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  • Help with Pyrography

    Hello all
    I am quite new to this forum but am slowly getting around it!!
    Just wondered if anyone could help with pyrography. I have used a solid point machine for years on and off mainly for door signs and writing text on to wood, this machine is slowly on its way out so have aquired a janik hot wire machine......this is were my problem is, i just cannot get to grasp with it at all,(writing text is a real mare!) Can anyone offer any hints or tips? If not maybe point me in the right direction of what would be the most reccomended machine to purchase, I would be very thankful for any help many thanks kazzellsxx

  • #2
    Is the temperature adjustable? Obviously you will need to make sure the temperature isn't too high for precise work like lettering.

    The benefit of a hot wire machine is that you can shape the nib to suit your requirement. This means that you can also use a jeweller's file to make a more precise point if necessary.

    Personally, I cannot work with solid point machines and find hot wire to be soooo much easier and more versatile!

    Si.
    Wood Tattoos
    Decorative Pyrography for all Occasions - Author of "Woodburning with Style" (2010) and "Learn to Burn" (2013)
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    • #3
      Thanks Si for the reply......Yes it has a temputure guage on it and have tried many attempts. will keep practicing though, would you reccommend a machine that is best? Thanks again

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      • #4
        Originally posted by kazzells View Post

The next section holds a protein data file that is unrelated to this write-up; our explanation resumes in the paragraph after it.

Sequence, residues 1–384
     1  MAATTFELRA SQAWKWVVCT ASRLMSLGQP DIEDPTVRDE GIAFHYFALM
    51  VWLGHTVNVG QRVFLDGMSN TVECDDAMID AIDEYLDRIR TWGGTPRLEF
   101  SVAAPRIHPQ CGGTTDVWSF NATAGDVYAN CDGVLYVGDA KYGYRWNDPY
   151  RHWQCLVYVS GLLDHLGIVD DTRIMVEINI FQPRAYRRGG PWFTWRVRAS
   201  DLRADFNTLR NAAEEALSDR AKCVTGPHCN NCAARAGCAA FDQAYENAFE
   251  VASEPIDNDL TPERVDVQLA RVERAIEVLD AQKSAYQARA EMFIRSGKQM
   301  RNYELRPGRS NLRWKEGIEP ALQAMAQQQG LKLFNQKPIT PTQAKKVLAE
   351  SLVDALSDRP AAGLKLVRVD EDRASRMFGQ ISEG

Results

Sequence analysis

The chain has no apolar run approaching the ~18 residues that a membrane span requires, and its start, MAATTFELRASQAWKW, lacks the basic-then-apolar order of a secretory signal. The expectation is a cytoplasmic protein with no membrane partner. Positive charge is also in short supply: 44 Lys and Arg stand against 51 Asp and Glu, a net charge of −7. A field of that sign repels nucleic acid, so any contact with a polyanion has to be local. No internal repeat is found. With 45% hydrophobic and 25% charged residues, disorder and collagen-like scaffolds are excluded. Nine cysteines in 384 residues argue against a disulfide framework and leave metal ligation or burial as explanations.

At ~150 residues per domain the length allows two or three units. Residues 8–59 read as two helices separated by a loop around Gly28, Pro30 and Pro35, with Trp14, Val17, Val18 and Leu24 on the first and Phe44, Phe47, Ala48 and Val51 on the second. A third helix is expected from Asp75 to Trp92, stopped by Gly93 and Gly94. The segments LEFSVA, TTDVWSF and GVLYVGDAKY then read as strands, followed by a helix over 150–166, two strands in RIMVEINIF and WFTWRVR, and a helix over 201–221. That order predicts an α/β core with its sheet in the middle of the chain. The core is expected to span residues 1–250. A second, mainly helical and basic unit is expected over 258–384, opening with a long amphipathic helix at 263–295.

Thanks Si for the reply......Yes it has a temputure guage on it and have tried many attempts. will keep practicing though, would you reccommend a machine that is best? Thanks again
        Personally, I use what I call the "Rolls Royce" of pyrography machines... a Peter Childs kit. Have had no issues at all with it, unlike some others I've used before.
        Wood Tattoos
        Decorative Pyrography for all Occasions - Author of "Woodburning with Style" (2010) and "Learn to Burn" (2013)
        Facebook
        Flickr
        Twitter

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        • #5
          Thanks again Si will check out that web site cheers kazzellsx

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          • #6
            Hi Kazzells,

            I've also heard the Peter Child machine is quite effective. However starting off at pyrography is tricky for anyone and it can be just as hard to adapt into using a different machine.
            The machine you use can only help so much, and whatever machine you use, i find practice is the key to progressing.
            So keep on practicing and im sure your results will improve.
            Goodluck!

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            • #7
              Hmmm... what exactly do you find hard, kazzells? What does it do/not do?
              Cheers,
              Scorch

              Scorch's Pyrography : www.scorchpyro.co.uk
              Crafts on Flickr : http://www.flickr.com/photos/tanniso...7606138937826/

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              • #8
                Hi Scorch
                Wow your work is fab!!